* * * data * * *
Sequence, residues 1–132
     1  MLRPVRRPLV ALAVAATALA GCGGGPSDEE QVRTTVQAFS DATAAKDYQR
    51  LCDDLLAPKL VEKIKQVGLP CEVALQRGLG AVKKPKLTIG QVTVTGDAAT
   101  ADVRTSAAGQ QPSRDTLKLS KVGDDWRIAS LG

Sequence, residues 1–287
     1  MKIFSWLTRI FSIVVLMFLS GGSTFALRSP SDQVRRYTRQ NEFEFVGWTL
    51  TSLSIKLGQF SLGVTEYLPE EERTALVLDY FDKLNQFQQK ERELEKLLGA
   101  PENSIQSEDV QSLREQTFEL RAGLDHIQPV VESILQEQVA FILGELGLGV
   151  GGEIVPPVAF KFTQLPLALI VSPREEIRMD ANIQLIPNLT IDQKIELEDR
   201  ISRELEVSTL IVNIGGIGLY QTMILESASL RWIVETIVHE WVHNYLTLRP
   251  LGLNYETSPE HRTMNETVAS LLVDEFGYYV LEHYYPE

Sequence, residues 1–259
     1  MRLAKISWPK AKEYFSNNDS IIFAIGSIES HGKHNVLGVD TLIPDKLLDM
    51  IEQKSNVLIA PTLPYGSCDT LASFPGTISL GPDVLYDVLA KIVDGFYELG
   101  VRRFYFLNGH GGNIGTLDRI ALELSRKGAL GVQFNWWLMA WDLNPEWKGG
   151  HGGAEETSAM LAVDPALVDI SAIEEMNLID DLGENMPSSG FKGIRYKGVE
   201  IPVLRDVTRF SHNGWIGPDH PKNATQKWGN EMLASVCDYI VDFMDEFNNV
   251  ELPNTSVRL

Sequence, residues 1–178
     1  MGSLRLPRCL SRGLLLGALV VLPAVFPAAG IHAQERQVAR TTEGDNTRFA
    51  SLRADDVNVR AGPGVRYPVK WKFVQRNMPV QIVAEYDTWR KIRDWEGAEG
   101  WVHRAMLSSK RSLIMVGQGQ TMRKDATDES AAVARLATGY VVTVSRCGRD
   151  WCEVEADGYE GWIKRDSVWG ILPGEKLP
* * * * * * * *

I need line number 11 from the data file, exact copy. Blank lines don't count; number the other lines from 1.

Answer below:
   251  LGLNYETSPE HRTMNETVAS LLVDEFGYYV LEHYYPE